Recycling bailout money: Is it right?
Treasury chief Geithner gets an earful from lawmakers who don't want funds returned by banks used for other bailouts.
WASHINGTON (CNNMoney.com) -- Some lawmakers are questioning whether the Treasury Department has the power to recycle returned bailout dollars to fund new or expanded rescues for auto companies, life insurers and small banks.
Treasury Secretary Tim Geithner got pounded over his plans to reuse bailout money this week on Capitol Hill.
The question is whether the $700 billion Troubled Asset Relief Program, the law Congress enacted last fall at the height of the financial crisis, gives Treasury the legal authority to reuse the funds. Treasury says it's on sound legal grounds, but some lawmakers say Treasury should use the money to pay down the federal deficit.
The issue has surfaced publicly as more banks move to return TARP funds. Treasury estimates that it will receive about $25 billion in returned funds - some of which it will redeploy in helping other companies.
At this point, Congress isn't likely to try to formally tie Geithner's hands. But the dispute underscores lingering political sensitivity about TARP, which many lawmakers didn't want to approve in the first place.
At the time, Congress was loath to give Treasury too much leeway in how it spent the money. In fact, at first it released only half the money and gave itself a veto over the second $350 billion.
Geithner currently estimates that $123.7 billion remains, including the $25 billion in returns.
"I think the political rationale behind it is to avoid coming back to us for anything," Sen. David Vitter, R-La., said Wednesday at a Senate Banking Committee hearing.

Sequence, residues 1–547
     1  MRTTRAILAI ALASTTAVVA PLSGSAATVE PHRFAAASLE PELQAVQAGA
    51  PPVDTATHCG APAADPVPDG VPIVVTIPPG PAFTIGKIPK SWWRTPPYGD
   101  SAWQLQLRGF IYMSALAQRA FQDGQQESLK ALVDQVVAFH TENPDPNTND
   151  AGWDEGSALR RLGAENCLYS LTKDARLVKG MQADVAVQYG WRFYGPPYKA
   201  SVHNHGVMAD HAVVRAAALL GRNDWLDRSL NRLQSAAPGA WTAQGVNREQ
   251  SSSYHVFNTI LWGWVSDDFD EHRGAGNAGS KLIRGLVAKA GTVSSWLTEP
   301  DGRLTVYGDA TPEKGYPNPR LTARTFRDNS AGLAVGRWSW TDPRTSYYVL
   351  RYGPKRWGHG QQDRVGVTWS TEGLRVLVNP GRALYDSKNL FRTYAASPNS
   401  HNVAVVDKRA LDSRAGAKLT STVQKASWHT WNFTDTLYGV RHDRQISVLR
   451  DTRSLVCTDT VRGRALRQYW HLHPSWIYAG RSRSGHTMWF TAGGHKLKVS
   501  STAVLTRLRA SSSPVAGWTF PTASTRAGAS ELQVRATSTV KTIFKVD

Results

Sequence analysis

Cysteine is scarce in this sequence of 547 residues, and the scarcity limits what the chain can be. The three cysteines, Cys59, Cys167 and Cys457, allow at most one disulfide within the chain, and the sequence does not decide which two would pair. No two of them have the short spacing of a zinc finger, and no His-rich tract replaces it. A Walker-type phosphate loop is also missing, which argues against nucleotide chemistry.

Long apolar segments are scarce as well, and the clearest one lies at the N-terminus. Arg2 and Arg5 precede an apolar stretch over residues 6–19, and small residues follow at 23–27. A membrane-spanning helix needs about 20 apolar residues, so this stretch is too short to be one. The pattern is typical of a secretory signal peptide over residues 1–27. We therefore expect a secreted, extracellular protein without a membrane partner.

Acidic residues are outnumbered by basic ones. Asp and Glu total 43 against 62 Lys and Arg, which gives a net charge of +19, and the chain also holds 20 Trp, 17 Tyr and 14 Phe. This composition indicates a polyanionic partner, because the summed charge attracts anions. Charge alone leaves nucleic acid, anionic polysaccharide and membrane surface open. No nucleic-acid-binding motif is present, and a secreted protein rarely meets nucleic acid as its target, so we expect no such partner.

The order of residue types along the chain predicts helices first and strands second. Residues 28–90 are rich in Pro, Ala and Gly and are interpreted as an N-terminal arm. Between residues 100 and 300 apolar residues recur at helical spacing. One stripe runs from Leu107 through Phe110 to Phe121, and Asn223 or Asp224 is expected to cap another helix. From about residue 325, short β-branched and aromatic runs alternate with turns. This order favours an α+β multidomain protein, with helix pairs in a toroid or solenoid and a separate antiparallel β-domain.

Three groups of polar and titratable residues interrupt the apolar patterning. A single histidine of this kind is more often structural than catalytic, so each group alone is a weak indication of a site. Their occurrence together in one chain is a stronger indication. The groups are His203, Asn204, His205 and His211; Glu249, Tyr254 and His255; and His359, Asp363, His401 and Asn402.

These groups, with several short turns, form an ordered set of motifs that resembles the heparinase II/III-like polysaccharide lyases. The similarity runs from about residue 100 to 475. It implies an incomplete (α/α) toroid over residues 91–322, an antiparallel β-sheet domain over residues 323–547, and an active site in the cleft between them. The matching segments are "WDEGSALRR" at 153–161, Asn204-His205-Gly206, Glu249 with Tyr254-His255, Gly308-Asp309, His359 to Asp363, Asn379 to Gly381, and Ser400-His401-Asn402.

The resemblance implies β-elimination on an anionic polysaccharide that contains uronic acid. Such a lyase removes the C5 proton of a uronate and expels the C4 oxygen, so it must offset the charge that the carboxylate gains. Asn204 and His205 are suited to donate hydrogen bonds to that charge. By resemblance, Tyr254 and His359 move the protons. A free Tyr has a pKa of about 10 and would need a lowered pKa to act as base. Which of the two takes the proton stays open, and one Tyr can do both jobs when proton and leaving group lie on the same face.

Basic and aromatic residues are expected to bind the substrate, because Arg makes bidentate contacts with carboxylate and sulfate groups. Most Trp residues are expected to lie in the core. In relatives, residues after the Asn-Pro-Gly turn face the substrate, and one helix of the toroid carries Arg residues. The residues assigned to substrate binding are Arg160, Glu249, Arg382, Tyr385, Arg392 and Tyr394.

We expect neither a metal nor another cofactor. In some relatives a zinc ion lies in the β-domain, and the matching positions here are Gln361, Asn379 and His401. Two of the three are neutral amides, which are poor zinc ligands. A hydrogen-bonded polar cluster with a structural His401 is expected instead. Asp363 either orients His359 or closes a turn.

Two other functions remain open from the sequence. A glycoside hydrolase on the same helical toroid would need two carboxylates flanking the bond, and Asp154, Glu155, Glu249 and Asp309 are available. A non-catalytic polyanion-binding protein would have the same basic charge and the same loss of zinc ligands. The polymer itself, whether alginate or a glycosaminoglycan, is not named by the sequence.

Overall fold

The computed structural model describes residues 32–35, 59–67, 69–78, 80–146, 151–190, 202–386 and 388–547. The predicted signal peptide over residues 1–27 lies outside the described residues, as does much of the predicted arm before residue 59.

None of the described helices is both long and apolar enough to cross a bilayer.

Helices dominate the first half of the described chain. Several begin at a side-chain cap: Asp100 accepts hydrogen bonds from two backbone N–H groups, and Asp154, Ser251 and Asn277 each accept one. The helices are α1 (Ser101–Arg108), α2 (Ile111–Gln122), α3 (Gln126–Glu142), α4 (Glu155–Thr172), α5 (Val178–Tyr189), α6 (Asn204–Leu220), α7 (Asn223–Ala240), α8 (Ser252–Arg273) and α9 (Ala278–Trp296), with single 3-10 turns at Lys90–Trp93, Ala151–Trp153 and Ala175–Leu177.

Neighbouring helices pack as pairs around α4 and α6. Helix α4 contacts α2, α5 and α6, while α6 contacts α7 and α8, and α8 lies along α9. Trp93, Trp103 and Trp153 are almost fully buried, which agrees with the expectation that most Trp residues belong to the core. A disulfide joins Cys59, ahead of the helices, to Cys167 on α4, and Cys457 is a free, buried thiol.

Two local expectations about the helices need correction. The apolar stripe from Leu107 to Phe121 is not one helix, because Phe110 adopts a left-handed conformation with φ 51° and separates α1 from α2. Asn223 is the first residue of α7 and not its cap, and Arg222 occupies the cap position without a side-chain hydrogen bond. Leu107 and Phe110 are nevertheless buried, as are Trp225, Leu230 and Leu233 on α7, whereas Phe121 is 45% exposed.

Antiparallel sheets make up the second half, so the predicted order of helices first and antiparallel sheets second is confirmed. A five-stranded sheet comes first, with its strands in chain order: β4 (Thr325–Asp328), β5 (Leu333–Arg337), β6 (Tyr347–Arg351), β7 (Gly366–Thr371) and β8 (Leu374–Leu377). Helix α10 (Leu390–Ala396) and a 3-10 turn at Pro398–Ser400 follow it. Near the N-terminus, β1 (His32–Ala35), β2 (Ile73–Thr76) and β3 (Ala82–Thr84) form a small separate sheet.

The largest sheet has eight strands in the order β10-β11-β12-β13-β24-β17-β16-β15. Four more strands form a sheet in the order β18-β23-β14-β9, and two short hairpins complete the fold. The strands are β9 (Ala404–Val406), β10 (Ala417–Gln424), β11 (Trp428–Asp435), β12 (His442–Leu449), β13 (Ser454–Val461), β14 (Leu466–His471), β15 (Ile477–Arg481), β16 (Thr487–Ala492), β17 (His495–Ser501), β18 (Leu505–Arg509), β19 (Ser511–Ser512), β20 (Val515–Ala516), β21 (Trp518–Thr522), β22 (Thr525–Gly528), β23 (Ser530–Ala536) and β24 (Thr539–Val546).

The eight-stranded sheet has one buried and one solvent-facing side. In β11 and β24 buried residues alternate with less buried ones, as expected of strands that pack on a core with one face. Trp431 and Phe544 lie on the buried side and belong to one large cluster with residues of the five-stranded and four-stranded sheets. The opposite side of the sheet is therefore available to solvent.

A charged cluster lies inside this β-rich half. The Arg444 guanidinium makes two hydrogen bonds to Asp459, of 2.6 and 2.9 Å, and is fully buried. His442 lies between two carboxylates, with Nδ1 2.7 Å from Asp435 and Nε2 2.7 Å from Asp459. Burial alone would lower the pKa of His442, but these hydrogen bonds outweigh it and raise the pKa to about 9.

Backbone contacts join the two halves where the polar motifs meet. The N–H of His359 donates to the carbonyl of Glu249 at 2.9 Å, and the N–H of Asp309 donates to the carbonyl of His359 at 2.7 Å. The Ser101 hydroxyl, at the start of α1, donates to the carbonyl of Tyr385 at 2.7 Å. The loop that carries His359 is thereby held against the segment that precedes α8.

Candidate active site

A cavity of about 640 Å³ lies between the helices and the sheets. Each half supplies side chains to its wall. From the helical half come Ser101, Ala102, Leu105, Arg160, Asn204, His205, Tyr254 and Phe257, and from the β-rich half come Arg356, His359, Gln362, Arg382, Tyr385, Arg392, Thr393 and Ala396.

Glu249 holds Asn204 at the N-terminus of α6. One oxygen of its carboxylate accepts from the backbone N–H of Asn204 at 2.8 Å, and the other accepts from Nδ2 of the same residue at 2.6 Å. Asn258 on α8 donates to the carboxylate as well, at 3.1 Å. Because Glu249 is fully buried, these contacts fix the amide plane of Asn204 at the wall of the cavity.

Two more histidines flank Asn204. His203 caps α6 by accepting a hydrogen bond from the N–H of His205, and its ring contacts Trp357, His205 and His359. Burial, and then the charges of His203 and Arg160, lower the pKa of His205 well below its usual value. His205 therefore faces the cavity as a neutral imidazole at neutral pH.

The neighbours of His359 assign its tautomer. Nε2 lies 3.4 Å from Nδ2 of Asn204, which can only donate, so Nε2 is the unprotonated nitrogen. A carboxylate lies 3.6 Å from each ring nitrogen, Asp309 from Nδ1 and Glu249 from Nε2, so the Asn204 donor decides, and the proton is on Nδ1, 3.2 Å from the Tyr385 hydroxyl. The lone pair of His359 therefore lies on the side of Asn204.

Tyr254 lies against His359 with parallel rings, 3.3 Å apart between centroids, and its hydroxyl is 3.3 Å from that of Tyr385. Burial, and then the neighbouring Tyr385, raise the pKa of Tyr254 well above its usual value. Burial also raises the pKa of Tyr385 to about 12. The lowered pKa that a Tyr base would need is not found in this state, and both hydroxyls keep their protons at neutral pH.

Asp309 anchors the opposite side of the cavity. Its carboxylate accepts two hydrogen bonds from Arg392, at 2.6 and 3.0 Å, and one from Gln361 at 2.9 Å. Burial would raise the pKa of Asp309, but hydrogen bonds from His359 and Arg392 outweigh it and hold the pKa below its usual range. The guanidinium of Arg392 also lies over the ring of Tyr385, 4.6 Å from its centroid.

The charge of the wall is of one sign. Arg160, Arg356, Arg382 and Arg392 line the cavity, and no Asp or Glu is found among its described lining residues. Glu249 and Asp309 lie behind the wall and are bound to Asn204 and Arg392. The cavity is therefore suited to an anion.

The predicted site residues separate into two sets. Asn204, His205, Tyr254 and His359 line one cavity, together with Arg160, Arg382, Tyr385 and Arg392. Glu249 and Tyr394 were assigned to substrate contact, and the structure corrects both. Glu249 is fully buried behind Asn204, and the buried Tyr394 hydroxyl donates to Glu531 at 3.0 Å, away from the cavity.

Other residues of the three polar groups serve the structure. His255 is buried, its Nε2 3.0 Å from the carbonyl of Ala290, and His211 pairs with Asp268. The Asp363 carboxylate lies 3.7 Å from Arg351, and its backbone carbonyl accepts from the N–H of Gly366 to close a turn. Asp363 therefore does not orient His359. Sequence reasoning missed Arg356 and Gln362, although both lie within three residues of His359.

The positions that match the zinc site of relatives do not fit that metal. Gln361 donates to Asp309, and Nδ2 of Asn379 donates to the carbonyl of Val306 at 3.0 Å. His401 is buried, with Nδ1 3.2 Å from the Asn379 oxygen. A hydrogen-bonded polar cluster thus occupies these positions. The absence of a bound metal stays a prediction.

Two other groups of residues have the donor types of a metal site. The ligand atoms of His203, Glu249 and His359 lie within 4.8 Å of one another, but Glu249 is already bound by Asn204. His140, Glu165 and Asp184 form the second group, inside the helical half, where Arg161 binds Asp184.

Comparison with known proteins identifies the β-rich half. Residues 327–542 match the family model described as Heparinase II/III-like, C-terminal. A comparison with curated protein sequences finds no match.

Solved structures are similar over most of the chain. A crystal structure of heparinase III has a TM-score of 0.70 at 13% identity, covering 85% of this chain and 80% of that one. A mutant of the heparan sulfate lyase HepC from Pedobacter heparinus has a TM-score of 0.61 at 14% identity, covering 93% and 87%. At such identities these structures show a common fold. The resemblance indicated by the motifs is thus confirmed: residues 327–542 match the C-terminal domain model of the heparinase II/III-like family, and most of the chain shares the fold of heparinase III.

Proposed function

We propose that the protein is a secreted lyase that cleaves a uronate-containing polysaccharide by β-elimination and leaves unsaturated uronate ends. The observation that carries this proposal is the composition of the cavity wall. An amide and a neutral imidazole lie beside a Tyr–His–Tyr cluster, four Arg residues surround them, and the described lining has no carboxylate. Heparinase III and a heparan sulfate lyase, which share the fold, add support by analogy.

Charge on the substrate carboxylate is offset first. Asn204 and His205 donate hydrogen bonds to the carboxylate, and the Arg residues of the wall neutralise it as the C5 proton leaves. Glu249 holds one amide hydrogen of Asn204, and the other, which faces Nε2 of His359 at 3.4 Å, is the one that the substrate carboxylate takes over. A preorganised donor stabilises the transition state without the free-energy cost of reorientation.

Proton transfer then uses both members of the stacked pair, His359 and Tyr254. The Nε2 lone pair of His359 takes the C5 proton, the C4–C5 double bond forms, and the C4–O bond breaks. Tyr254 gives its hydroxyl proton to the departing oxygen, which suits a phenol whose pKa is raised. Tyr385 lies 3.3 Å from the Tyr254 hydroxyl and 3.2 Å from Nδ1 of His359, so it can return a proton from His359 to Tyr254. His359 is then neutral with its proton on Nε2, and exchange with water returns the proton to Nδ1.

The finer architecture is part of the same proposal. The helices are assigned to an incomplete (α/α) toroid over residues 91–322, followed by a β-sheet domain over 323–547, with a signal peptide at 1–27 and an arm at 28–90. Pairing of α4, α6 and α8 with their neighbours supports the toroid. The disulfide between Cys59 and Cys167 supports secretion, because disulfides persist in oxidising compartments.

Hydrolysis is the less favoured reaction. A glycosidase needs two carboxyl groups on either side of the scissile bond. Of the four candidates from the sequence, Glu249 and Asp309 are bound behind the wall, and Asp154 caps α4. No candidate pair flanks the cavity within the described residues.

Geithner said at public hearings on the Hill and in a Wednesday letter to Vitter that his staff has examined the question and agrees that the TARP law gives them flexibility to reuse TARP money.
"I'm being very careful to make sure, and I will always be very careful, that we're applying the letter and spirit of the law in this case," Geithner told the Senate panel. "I talked last night again to the people that were there in October and September in drafting legislation and looking at its interpretation, and they confirmed our reading of that flexibility."
Geithner points to parts of the federal law that allow Treasury to have as much as $700 billion "outstanding" and invested in troubled assets at any one time.
When a government TARP investment is repaid, Geithner said, the proceeds go into the Treasury general fund. That, in turn, "frees up head room" for other dollars to be used for other programs, according to Geithner's letter to Vitter. The returned dollars are then banked and "new funding is made available," he wrote.
However, Rep. Brad Sherman, D-Calif., said he believes that the law dictates that Treasury should bank returned bailout dollars.
He's among critics who highlight a paragraph in the TARP law that directs repayments to pay down debt - period.
Sherman asked U.S. Attorney General Eric Holder to give a legal opinion as to whether Treasury was correctly interpreting the law.
"I think the rule of law is breaking down, where we're getting to a point where we just do whatever seems popular with those with the most power as long as the public just doesn't know about it," Sherman said.
Sherman argues that if returned bailout dollars are going to be reused, they should go toward causes he deems more worthy, such as backing up cash-strapped municipalities in California to issue bonds.
Rep. Kevin McCarthy, R-Calif., has filed legislation that would require that any repaid bailout dollars be funneled directly to paying down the debt.
Senate Banking Chairman Chris Dodd, D-Conn., defended Geithner. He said that Congress, knowing there could be political consequences later, agreed last fall to "get resources out to do what we could."
"People can have a different look at history going back, but the idea was to provide some flexibility in all of that," Dodd said. "And as I recall very specifically, that was the intention at the time. But I appreciate the discussion and debates, of course."